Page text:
Mountain bike trails are not like open roads - instead of miles or the same flat, grippy surface, mountain bike trails change metre by metre, with obstacles and grip levels each changing by the second.
On a trail these elements can appear and disappear every second, so it’s no good getting complacent or distracted. If anything riding an e-MTB, especially with full electrical assistance, is harder physically and mentally than riding a regular mountain bike. This, I’d argue, is because the pace is so consistently high, plus margin for error and the cornering traction is consequently nearer to its limits.
Reading and riding
When you’re traversing the trail at greater velocity, to avoid danger and take the best line you’ve got to ‘read’ the trail a bit further ahead than normal. By read, we mean understand the trail you’re approaching, what the surface is made of, how loose or wet it is, what rocks or roots are there and what the options are for the path of least resistance. Like riding any mountain bike, to read the trail accurately you need to focus your eyes on the line you want to ride, not the stuff you want to miss. It sounds daft, but the adage ‘you go where look’ is very true... it really works, try it yourself! With time and practice this skill becomes very much second nature allowing you to ride ‘in the zone’, even through technical trail sections. The faster you ride, the further you must look (or read) the trail ahead.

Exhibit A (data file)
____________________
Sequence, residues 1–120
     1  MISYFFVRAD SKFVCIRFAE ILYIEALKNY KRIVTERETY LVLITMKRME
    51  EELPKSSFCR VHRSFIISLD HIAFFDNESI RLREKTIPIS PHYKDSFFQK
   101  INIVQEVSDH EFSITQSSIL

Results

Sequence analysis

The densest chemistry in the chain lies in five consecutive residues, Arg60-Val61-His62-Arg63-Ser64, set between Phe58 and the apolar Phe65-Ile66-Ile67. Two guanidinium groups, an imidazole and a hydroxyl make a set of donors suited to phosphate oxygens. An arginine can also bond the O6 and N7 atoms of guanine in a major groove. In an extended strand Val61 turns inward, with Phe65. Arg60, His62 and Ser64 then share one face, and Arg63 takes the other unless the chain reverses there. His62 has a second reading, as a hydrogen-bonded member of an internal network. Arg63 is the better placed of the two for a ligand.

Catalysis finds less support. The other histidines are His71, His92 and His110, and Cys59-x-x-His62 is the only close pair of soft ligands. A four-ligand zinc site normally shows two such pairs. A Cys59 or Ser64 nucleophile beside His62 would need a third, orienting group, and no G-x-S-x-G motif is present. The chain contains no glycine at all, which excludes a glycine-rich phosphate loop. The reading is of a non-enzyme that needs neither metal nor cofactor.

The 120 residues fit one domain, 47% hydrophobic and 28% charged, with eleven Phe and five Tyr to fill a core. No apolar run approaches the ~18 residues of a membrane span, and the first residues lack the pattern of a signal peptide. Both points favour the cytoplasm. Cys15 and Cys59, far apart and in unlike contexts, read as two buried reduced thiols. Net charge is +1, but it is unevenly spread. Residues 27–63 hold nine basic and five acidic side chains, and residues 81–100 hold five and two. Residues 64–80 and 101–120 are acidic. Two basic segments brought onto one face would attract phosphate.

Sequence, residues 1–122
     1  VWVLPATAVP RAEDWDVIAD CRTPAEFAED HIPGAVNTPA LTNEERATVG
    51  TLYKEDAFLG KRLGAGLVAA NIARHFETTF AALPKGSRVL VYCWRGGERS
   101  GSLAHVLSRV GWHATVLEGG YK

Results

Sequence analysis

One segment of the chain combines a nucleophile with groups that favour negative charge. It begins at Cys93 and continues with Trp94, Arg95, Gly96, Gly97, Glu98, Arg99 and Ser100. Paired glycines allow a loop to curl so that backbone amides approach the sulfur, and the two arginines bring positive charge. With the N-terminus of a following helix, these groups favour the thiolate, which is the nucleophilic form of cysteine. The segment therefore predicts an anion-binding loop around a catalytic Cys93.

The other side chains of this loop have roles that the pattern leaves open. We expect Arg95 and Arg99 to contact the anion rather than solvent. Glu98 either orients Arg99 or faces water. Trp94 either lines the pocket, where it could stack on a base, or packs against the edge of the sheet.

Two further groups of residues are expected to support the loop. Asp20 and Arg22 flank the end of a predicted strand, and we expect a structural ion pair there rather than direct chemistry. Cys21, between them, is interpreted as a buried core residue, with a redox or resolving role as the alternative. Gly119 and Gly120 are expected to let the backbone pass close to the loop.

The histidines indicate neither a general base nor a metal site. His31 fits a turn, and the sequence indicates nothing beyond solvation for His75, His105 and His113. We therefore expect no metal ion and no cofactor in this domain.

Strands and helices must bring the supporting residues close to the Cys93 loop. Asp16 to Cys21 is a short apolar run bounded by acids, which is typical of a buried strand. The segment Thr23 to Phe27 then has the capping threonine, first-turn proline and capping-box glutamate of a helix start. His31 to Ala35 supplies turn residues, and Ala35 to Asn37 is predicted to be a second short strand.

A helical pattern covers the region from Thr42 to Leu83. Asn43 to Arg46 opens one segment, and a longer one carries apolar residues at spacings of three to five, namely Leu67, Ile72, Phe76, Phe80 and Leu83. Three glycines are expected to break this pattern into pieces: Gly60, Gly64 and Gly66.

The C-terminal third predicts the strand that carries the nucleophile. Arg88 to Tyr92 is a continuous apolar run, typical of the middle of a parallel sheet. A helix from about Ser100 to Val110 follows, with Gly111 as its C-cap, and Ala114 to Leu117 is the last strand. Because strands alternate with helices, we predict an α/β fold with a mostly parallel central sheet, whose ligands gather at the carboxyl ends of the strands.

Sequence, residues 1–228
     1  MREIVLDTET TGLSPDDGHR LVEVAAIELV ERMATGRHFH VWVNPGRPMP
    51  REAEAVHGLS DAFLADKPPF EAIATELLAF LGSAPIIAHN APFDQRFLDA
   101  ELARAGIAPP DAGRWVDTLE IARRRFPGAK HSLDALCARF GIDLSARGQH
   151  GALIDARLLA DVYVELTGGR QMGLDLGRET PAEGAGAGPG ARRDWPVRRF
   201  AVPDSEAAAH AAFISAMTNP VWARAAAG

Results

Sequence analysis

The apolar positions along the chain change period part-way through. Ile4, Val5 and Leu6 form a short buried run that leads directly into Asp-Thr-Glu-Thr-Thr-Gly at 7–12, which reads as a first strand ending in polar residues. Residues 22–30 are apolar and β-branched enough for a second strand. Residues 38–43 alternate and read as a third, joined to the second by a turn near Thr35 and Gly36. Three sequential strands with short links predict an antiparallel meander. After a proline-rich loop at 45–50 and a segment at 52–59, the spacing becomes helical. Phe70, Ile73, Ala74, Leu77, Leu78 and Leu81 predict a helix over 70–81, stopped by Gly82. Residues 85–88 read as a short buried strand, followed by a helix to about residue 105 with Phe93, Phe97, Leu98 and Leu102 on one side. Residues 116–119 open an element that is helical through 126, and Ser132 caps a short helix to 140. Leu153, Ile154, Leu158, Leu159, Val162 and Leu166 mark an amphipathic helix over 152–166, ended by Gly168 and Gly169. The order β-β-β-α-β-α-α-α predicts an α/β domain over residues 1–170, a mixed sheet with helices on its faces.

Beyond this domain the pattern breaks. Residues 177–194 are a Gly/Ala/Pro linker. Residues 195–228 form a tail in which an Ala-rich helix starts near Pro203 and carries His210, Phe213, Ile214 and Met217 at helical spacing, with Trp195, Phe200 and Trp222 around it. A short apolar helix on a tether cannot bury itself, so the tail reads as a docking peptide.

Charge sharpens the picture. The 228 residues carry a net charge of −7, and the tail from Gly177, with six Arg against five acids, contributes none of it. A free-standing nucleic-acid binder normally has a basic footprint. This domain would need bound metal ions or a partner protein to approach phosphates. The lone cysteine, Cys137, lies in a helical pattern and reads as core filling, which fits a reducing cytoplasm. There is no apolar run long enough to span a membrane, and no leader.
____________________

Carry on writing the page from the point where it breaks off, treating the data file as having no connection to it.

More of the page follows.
Head up, brain on, eyes open!
Of course, on open easy trails you want to relax and let your peripheral consciousness do the work of reading the trail. Riding in 'the zone’ is great, but when the really challenging stuff arrives, it’s good practice to fully engage your brain! You want to increase your concentration to search for the lines that will work with your skill and speed levels. Keep your head up, your eyes open and your brain switched on. To stay on the best line, you need to recognise it and stay focussed on that line. Remember, the best line is the one which combines the smoothest surface, with the most grip. Both will improve speed and control through any section.
Riding straight and level
Generally, most riders with a little practice who observe the lessons about looking ahead to read for the best line can ride straight, level trail pretty quickly, even if it’s a bit rough. Relax your body and grip, keep your body weight centered and your head up and keep pedalling into the smoothest, driest line you can - unless it’s likely you’ll strike the pedals, in which case hold the cranks horizontally, until you are able to resume pedalling.
Watching for corners
The real skill in mountain biking is cornering. Being able to corner fast is the difference between good mountain bikers and great ones. Trails are, due to their muddy nature, changeable and inconsistent in the level of grip they offer. That means when cornering any bike, you have to read the trail by leaning into corners very carefully, understanding and best-guessing what it’s going to do under your tyres - taking into account your speed, tyre tread, air pressures, corner radius and body position. Look for lines with smooth, firm surfaces, the fewest rocks, roots or holes. A constant radius is infinitely useful!
In part three, we'll be discussing the art of cornering in greater depth.